Let there be light
The transformation of the church is moving on apace. Now that the initial concrete base for the floor is complete, one of the most exciting features is beginning to appear. Chris Anstey the stonemason and his colleague Richard Stone have been opening up the new west end entrance.
One of the most frequent questions many people have asked is, ‘But how will they hold up the stained glass window while they knock a big hole in the wall underneath it?!‘ It’s a subject that Chris himself has spent many hours considering. The answer proved to be a carefully calculated balanced cantilever system.
A more frequent approach is to use ‘acrow props’ – telescopic tubular steel props which are extended up to the level of the joist above the new doorway. But these then require continual adjustment to compensate for the intense downward pressure on them. Chris’s method of breeze blocks suspended from rods perpendicular to the joist means that there is constant upward pressure from the weights to match the many tonnes of stone and glass above. It has been described as looking ‘a bit medieval’ – and in fact this system may well have featured in the building of our great cathedrals.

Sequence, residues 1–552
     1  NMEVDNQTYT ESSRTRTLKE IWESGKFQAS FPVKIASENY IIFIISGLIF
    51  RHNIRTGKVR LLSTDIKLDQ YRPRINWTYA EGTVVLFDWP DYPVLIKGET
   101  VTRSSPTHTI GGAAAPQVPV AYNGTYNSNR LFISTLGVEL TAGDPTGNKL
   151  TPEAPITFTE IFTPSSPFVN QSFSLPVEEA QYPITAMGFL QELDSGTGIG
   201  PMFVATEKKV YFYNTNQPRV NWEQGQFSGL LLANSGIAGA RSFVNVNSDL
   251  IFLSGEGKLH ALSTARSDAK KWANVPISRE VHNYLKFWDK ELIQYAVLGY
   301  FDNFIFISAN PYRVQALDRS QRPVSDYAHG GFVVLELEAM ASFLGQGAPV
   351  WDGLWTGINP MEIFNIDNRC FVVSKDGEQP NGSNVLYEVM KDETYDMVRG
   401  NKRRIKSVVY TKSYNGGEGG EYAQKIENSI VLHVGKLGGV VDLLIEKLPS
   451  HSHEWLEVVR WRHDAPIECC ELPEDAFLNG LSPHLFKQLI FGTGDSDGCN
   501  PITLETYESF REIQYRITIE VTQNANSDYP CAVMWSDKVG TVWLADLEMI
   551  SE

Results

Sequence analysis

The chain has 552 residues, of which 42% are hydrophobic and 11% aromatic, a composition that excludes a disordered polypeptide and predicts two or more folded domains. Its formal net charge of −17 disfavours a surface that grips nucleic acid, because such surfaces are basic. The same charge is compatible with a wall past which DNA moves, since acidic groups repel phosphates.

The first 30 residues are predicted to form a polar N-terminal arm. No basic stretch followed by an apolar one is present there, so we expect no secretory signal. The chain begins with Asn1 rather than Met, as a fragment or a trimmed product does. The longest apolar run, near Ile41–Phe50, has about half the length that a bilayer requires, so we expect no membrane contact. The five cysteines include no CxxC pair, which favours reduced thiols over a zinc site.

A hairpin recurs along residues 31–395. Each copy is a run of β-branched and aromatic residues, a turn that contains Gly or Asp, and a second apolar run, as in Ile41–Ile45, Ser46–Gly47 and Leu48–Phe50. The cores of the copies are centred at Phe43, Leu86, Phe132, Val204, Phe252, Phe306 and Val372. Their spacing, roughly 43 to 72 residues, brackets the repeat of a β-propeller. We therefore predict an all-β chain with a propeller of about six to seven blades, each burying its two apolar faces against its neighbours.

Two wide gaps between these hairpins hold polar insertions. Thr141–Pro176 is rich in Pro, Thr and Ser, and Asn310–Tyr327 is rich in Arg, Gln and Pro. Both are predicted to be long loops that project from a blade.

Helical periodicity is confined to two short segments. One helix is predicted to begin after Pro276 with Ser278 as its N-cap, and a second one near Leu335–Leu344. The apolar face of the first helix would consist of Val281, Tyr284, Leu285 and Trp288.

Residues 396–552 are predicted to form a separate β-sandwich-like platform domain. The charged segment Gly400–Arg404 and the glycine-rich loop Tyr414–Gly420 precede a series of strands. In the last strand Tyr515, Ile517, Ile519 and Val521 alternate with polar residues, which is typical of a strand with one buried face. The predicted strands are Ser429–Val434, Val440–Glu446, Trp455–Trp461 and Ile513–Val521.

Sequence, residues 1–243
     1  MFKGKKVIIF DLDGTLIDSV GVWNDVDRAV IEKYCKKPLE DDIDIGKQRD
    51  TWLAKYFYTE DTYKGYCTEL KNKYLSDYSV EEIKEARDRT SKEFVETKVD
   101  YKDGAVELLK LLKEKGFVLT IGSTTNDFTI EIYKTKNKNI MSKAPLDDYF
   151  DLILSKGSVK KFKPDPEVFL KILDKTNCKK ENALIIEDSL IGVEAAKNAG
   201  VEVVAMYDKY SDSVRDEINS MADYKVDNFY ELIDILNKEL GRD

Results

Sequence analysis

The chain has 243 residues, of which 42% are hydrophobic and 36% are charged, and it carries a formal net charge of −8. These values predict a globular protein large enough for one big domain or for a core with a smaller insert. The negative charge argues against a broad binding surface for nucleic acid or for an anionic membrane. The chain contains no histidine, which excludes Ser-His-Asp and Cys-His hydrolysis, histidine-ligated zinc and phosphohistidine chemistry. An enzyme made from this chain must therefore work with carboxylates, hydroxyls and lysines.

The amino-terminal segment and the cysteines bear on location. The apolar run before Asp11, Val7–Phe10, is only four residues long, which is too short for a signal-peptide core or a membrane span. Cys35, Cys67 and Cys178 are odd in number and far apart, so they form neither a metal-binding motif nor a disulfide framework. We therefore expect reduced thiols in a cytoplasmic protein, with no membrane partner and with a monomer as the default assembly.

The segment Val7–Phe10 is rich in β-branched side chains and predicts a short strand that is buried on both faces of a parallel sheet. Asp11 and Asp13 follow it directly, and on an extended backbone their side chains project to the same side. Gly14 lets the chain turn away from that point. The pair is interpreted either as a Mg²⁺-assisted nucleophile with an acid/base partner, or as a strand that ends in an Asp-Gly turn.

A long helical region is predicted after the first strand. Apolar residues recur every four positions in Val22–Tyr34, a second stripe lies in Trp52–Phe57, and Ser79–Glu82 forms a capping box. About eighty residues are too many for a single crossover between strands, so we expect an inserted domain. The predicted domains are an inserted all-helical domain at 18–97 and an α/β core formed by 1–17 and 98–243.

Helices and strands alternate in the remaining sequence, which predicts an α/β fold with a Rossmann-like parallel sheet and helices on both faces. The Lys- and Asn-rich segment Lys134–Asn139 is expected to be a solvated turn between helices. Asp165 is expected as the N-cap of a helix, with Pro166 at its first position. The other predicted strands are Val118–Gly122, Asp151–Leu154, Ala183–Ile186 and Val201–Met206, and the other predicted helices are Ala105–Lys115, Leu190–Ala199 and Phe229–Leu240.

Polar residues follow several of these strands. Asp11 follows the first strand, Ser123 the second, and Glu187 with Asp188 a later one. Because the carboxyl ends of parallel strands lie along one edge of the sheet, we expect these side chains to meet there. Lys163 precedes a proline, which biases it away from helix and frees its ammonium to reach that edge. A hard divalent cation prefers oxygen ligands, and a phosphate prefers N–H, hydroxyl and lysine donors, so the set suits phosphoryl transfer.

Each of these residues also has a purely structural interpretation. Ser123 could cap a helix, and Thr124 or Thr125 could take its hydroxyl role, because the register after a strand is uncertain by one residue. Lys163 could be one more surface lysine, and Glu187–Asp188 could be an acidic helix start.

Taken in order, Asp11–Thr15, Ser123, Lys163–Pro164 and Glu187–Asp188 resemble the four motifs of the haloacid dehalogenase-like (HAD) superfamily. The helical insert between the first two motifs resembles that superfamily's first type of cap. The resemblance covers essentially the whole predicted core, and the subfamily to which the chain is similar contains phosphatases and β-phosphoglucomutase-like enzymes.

Having opened up the aperture, Chris is now fitting beautifully dressed stones which will frame the new oak and glass doors.
The church interior is full of scaffolding but already the difference made by natural light streaming in is spectacular.
And it’s becoming obvious that in due course the big three-lancet west window will be more stunning than ever.
The builders gave our photographer access to the scaffolding in the chancel which enabled him to take some great photos. Probably the last time anyone will have this view for a while.